Has anyone experienced something like this?

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  • PhilMcLaughlin
    replied
    My philosophy is that one should always be trying to improve their kendo, every practise, all the time

    In a year (or longer) when youre eligable to grade then that improvement will naturally be a bit more focussed on the requirement of the grade

    5 minutes after the shinsa (assuming you passed :-) you move the goals to the next level

    Yondan was really tough for me, took a lot of technique & mental, re eningineering 18 months & 3 tries

    The first practise after the shinsa, my sensei's first words were "ahh, Phil. Next lesson !" - made me smile :-)

    Godan required technique refinement but a focus on a different aspect of kendo

    so thats the mindset I try to pass on - Improve your kendo - doesnt matter if youre grading or not

    regards

    Phil..

    Leave a comment:


  • foundinsea
    replied
    I agree. It wasn't until just passing my sandan and the recent tournament that I now have goals to achieve. I've never thought about the grading at any point since I started kendo (even graded shodan about 4 years after I started) but always maintained that one should practice like they play (this philoshophy I picked up from my highschool coaches in other sports). So personally I feel that working hard at your kendo, listening to your sensei (I firmly believe that they are always preparing you for the next dan level and I think most people can sense how their training changes when doing keiko with their sensei), and making efforts to achieve your kendo goals will ultimately prepare you for your next grading automatically.

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  • tango
    replied
    Good post, Jonathan.

    To address the original question only from my own perspective, I think I can honestly say that I didn't do anything different training-wise or practice-wise leading up to 1.kyu all the way through my *second* attempt at 3.dan... that is to say, that I was never really consciously working towards some goal (...which really reenforces the idea in my own mind that I was maybe pretty lucky to pass 3.dan)...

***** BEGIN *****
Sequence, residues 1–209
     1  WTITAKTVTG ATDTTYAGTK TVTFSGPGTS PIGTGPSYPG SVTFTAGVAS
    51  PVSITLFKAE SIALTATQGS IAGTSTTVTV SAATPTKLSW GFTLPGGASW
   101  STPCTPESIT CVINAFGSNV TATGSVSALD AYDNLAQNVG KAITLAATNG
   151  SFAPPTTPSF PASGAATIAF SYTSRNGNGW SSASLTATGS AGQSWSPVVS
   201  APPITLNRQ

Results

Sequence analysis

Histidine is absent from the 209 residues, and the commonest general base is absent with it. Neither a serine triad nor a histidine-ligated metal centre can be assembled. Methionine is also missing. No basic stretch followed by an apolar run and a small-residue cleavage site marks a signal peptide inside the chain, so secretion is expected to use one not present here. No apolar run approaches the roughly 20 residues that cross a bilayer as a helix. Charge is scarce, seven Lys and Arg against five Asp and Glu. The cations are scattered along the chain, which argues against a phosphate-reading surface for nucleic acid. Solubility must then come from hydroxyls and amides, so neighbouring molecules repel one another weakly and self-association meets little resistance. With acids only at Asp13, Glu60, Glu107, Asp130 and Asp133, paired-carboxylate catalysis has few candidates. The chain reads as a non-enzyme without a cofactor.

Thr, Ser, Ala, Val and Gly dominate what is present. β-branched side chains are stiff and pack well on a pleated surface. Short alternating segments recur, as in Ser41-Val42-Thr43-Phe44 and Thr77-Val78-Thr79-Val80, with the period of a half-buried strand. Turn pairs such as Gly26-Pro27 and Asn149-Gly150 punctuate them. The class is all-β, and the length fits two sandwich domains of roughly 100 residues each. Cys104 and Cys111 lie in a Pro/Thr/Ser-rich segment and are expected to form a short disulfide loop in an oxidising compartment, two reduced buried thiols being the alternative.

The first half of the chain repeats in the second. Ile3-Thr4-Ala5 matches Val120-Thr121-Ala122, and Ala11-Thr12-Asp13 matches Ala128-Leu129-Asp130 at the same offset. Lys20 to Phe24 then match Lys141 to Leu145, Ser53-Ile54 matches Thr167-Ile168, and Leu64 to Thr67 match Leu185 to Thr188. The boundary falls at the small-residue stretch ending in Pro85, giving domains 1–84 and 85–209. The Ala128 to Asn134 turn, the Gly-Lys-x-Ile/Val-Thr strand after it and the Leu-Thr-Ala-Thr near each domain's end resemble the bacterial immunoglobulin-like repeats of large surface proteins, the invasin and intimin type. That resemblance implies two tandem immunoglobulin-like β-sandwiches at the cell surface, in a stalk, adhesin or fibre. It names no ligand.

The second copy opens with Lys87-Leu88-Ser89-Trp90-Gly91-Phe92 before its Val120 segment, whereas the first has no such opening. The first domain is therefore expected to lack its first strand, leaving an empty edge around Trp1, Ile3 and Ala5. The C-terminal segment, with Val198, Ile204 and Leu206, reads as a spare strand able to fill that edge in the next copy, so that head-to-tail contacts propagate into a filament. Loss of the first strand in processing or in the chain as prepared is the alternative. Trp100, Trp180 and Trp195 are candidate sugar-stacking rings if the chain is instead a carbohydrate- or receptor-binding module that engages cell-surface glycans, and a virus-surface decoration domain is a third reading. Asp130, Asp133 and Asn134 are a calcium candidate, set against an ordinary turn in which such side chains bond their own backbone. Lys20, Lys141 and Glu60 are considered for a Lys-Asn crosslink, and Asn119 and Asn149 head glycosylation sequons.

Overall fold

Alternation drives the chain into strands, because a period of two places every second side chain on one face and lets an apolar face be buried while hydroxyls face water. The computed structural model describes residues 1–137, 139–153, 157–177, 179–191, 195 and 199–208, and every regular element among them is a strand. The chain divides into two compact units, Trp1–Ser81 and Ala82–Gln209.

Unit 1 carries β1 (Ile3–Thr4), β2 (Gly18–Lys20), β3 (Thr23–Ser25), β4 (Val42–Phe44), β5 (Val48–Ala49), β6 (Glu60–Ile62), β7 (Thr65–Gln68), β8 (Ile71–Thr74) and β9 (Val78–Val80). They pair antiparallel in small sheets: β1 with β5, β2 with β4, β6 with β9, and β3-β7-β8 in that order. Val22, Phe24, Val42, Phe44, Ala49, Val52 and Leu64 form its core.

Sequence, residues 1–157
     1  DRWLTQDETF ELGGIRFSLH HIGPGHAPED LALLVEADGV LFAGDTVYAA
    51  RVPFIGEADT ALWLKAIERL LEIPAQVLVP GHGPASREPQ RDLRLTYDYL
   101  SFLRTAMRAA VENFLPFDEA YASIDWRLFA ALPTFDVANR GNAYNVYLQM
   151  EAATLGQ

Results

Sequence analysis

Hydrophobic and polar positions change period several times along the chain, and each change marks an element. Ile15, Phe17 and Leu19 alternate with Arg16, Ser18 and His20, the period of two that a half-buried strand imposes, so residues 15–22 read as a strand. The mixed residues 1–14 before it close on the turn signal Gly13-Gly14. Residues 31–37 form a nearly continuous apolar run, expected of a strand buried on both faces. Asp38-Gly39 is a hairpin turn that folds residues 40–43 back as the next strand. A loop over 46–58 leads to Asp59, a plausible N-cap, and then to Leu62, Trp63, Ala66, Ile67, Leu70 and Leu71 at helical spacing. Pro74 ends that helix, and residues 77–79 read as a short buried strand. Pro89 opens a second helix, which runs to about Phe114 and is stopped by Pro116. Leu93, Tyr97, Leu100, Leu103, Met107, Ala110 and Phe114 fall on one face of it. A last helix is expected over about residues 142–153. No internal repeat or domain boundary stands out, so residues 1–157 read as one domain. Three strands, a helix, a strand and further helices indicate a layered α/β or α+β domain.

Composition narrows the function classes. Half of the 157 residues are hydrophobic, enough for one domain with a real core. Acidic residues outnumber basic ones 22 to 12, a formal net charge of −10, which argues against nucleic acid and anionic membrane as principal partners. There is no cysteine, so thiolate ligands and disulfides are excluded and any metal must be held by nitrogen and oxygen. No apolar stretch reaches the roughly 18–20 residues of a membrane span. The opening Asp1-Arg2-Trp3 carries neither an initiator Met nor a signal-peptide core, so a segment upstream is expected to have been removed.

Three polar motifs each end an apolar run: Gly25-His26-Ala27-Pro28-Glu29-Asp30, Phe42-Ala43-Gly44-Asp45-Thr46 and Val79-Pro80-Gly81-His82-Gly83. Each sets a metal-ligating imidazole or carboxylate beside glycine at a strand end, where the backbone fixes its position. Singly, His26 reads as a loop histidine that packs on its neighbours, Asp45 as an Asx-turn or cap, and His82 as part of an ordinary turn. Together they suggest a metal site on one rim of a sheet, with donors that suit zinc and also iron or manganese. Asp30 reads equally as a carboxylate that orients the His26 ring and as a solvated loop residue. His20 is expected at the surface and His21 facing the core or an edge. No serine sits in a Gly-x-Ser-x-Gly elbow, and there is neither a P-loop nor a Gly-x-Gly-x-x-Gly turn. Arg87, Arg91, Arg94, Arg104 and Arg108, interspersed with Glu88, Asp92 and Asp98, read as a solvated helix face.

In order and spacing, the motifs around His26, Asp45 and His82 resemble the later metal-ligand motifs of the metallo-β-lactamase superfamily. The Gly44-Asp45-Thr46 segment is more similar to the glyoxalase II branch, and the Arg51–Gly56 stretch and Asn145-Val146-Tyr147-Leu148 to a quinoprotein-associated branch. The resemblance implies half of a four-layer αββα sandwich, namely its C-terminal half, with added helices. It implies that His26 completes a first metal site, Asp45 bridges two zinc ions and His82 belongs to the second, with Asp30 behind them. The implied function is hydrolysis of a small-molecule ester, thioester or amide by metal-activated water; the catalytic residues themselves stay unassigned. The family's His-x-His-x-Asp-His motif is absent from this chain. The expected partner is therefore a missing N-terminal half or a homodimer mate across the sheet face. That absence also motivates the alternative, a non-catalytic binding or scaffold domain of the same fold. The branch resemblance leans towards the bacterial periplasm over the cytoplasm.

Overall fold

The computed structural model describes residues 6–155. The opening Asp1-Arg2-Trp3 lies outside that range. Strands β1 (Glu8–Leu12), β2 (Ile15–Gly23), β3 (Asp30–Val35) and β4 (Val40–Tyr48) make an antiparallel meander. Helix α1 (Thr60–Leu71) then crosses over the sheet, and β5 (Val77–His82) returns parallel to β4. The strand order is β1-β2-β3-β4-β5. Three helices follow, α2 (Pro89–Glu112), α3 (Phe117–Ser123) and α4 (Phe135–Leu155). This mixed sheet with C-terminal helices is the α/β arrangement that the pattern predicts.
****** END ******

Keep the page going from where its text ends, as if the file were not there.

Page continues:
Maybe a year after 3.dan did it really sink into my head that I needed (and wanted) to actively work on my kendo. Simply prepping for 4.dan has dramatically changed not only my style, but my whole approach (mentally) to practice. And this is something I did not experience in the past.

    As Jonathan alluded to this, now I regularly have a specific goal(s) in mind when I practice. I want to have nicer, cleaner, better kendo, period. If I prepare for taikai, then -- for me -- that disrupts the goal. So with that in mind, I want to practice kendo as if I'm always about to go for shinsa. This keeps things in proper perspective for me, because as Neil said previously, each level requires a different kind of kendo. I am 3.dan, but I am trying to practice as a 4.dan, mentally and physically. Passing 4.dan, to me, would only confirm that I've been doing things right (in a sense, have already been at 4.dan level) and I'm ready to start playing 5.dan-level kendo. By doing this, I hope to be in a constant mental state of kendo "betterment"....

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  • JByrd
    replied
    To me, it doesn't matter if it's a "grading year" or not, the main thing is whether I have well-defined goals.

    Things like passing a shinsa, winning a taikai, etc., are easy goals for us to accept because they are defined for us. They are difficult goals to use because the process of exactly how to achieve those goals is not well defined. Different people need to do different things.